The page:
Obama’s reference to “leaning in” called out Sheryl Sandberg’s 2013 book and the movement it sparked. On the heels of the Great Recession, the Facebook chief operating officer encouraged young women to follow her example. “Lean In: Women, Work, and the Will to Lead” promised that working harder would lead to individual advancement and to a more gender-equitable economy as a whole.

Except it didn’t. The eager young joiners of the “Lean In” circles watched as the number of women in leadership positions actually fell after the book’s publication, as the #MeToo movement exposed more intractable barriers to success and as Sandberg herself came under fire for her behavior at Facebook. It was all deflating, but really that deflation is just part of a larger trend

DD Guttenplan: Across Trump’s America, the grassroots are growing radical

Depending on which media you consume, Donald Trump will either leave office in handcuffs – or coast to a second term. Making sense of American politics has never been easy, but the extreme polarisation of the press and the public has made it much more difficult.

Last month’s midterm results were no exception. Were they a vindication of President Trump and the Republican party, who strengthened their grip on the Senate, or a triumph for the Democrats, who regained control of the House of Representatives? While there is evidence on both sides of the argument, the question itself misses the point. So does the media focus on whether there really was a “blue wave” carrying Democrats to victory or a “red wall” based on Trump’s personal popularity protecting him and his party. [..]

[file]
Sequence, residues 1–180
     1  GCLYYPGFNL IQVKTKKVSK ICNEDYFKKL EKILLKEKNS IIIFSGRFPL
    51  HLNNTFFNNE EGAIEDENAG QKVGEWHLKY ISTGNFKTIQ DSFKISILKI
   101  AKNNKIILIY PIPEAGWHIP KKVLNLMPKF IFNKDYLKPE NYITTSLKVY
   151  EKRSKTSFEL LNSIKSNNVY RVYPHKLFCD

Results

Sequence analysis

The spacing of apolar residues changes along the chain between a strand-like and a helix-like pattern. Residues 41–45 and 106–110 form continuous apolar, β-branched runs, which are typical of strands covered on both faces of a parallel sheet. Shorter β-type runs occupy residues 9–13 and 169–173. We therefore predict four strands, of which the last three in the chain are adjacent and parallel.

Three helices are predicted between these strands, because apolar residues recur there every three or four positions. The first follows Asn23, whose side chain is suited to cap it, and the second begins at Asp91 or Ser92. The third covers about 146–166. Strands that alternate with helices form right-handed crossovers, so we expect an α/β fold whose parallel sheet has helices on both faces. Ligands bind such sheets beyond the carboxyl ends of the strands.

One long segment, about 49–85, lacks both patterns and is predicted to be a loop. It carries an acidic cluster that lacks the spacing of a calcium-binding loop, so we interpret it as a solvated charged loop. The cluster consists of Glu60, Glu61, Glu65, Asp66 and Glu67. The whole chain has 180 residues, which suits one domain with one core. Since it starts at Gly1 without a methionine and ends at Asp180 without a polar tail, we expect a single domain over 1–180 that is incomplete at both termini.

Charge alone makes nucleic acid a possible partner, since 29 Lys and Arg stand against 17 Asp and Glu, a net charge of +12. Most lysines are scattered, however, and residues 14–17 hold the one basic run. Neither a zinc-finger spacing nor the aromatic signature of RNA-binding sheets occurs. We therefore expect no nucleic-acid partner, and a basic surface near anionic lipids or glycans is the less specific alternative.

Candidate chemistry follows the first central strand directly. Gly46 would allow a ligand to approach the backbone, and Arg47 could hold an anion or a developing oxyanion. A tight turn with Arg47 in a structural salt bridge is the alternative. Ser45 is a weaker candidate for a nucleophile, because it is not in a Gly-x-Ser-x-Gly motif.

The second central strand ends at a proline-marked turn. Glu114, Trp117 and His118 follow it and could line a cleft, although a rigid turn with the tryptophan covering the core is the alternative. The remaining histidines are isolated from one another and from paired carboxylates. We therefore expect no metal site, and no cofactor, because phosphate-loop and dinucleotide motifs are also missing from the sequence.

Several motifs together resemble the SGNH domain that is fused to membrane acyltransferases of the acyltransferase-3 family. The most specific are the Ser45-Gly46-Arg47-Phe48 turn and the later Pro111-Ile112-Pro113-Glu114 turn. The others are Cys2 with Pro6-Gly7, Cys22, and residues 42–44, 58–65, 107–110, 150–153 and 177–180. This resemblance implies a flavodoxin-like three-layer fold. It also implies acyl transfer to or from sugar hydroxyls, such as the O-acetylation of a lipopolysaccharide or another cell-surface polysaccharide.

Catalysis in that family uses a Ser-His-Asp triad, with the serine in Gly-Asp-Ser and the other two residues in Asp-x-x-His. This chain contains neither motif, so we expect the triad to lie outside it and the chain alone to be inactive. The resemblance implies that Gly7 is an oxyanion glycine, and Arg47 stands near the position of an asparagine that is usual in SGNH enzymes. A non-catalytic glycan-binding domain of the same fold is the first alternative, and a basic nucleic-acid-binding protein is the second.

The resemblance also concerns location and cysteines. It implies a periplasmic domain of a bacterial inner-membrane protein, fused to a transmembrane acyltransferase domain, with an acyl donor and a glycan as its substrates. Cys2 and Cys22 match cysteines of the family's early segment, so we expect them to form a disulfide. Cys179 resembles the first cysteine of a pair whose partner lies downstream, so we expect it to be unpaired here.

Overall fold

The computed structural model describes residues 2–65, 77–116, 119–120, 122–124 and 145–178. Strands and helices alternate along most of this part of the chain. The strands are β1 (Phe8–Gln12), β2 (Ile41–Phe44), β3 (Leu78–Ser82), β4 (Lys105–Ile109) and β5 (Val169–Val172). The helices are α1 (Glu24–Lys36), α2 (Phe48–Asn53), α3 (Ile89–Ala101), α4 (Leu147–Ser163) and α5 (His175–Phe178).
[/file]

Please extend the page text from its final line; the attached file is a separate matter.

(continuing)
The real question is what is happening at the grassroots. What explains Trump’s enduring popularity, not just among hardcore racists, but among blue-collar workers who voted twice for Barack Obama? How did Andrew Gillum and Stacey Abrams wage such competitive races in the south? What powered Ilhan Omar to victory in Minnesota, Sharice Davids (who is Native American and lesbian) in Kansas, Colin Allred in Texas, Antonio Delgado and Alexandria Ocasio-Cortez in New York?

Cornel West: Why did CNN fire a pro-Palestinian commentator?

Why is it so difficult, if not impossible, to have a candid debate about the grim Israeli-Palestinian catastrophe that prevails in our midst? What stands in the way of our capacity to grasp the undeniable need for justice for Palestinians and the understandable fear of annihilation of the Jews in Israel? Is the only option a desperate Palestinian counter-violent struggle against the structural and military violence of the occupying Israeli state?